Sunday, 15 February 2015

Community Speak: Funding Concerns

Community Speak: Funding Concerns

Arushi Sen
Media Coordinator, CSTEP

Debates on funding concerns of Think Tanks (TTs) across the world are revolving around a central theme: developing a sustainable funding model. Historically speaking, TTs, which started to evolve as the ‘third sector’ in Europe, UK and the US, were publicly-funded organisations. However, in the last century, as more and more TTs started coming up, despite being non-profit independent policy research organisations, their source of sustenance from public funding entered troubled waters. Corporate and philanthropic funding has now become the norm for a majority of these organisations and a large part of the money is given by foreign or international organisations like the Asian Development Bank, Bill and Melinda Gates Foundation, International Development and Research Centre, etc. 

This trend of foreign funding has been rather severely criticised, and brought the integrity and credibility of TT research under the scanner. There is also a growing realisation in the TT community that in order to be financially secure, the heavy reliance on foreign funding needs to be replaced with support from domestic sources. However, commentaries in the media indicate that securing long-term core funding from domestic and corporate philanthropy remains a challenge. While domestic funders support eagerly support direct-intervention causes, they have little or no enthusiasm for policy research.

For this issue of Aditi, the editorial team decided to capture the voice of the TT community in developing nations through a survey. Unfortunately, the survey was taken by a small group of 12 people, although the geographic coverage was impressive as shown in the Figure.

Despite the small number of respondents, some of the surprises that emerged from an analysis of the responses received in the survey are mentioned below:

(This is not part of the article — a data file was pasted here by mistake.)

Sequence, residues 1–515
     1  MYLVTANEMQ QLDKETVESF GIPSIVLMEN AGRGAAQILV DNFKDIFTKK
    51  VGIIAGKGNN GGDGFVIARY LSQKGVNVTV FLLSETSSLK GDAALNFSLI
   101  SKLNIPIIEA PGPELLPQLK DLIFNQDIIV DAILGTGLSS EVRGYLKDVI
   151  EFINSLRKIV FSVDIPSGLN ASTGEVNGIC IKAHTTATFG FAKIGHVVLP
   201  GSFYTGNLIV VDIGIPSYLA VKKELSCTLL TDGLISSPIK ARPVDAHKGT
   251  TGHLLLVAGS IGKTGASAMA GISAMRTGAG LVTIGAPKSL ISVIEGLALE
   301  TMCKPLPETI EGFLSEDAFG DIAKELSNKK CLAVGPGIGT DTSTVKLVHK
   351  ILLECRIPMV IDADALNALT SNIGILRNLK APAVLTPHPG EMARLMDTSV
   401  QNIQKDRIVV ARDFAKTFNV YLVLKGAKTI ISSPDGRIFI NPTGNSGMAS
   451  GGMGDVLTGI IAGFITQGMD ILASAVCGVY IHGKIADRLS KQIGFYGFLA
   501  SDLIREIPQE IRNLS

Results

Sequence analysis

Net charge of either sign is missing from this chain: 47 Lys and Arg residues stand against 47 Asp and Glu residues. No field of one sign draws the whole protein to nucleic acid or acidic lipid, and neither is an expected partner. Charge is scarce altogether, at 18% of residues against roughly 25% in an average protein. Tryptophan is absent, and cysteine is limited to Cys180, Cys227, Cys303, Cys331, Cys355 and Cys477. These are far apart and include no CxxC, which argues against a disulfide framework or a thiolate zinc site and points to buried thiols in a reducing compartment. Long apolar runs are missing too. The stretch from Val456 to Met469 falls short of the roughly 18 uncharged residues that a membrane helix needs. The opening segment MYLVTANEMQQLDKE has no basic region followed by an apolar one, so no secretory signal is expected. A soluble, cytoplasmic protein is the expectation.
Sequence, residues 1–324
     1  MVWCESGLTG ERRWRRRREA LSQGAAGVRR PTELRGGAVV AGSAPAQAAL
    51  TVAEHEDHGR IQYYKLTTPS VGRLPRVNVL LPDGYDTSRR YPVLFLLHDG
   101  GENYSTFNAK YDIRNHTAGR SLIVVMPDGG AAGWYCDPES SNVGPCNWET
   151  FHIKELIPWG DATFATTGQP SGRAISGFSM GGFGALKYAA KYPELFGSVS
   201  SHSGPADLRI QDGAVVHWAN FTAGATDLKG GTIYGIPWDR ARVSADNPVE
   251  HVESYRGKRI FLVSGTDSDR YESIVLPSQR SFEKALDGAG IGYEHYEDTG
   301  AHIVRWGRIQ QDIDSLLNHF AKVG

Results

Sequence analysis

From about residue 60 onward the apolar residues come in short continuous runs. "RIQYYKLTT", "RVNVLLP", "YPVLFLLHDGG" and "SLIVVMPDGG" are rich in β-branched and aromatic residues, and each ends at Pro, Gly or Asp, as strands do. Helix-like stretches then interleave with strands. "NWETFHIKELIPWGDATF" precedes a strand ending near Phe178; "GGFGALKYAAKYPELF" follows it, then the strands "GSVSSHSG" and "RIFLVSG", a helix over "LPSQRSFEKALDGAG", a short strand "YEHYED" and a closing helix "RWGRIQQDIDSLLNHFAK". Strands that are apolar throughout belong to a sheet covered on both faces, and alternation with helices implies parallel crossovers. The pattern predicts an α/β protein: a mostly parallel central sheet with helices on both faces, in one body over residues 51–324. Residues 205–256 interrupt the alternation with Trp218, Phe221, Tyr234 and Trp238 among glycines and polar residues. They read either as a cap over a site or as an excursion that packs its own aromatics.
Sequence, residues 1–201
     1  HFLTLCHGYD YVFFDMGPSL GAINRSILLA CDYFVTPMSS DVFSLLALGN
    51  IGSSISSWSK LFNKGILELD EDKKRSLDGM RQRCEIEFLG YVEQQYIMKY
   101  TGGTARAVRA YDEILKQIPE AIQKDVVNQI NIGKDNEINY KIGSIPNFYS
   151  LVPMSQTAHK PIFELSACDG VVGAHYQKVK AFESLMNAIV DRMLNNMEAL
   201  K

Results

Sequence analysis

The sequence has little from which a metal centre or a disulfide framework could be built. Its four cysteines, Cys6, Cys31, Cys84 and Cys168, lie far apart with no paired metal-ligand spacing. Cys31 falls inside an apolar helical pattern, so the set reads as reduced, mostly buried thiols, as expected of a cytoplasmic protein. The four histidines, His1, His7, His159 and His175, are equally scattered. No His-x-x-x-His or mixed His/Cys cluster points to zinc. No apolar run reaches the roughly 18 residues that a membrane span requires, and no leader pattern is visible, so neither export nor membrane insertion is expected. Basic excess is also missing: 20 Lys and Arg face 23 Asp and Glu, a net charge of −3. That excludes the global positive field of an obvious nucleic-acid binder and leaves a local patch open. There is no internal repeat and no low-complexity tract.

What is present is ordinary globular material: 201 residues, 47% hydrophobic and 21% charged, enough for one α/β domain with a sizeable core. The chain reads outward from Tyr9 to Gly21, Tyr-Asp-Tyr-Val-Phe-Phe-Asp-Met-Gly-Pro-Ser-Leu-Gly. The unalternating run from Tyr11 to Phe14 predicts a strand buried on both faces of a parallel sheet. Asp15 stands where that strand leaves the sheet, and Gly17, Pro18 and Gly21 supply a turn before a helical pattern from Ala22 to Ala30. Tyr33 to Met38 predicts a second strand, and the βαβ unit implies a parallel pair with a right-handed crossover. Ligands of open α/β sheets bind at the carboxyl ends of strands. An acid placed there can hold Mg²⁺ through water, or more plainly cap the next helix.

• The lack of funding received from governmental sources was strongly voted to be a factor that highly affects the viability of a Think Tank; 
  • Influence of a funder’s request on the research of a Think Tank was voted to have low impact; 
  • The inability of a Think Tank to build financial reserves for emergencies due to their non-profit nature was considered to be a high impacting factor; 
  • Only one respondent indicated that ‘providing a transparent performance assessment of a Think Tank’ is important when approaching domestic funders for financial support; 
  • A majority of the respondents indicated that ‘showcasing impact stories’ and ‘building the organisation’s reputation’ with domestic funders are important considerations for fundraising.

The TT community needs to seriously consider engaging in collaborative projects with each other as one of the ways to ensure sustainable funding. Such collaborations can be viewed as a coin with two sides. On the one hand, the Think Tank Initiative experience has set in the realisation that a similar model of funding from domestic sources would ensure the financial sustenance of TTs in a country. But on the flip side of the same coin, TTs could set-up a funding pool that helps secure the financial future of policy research organisations.

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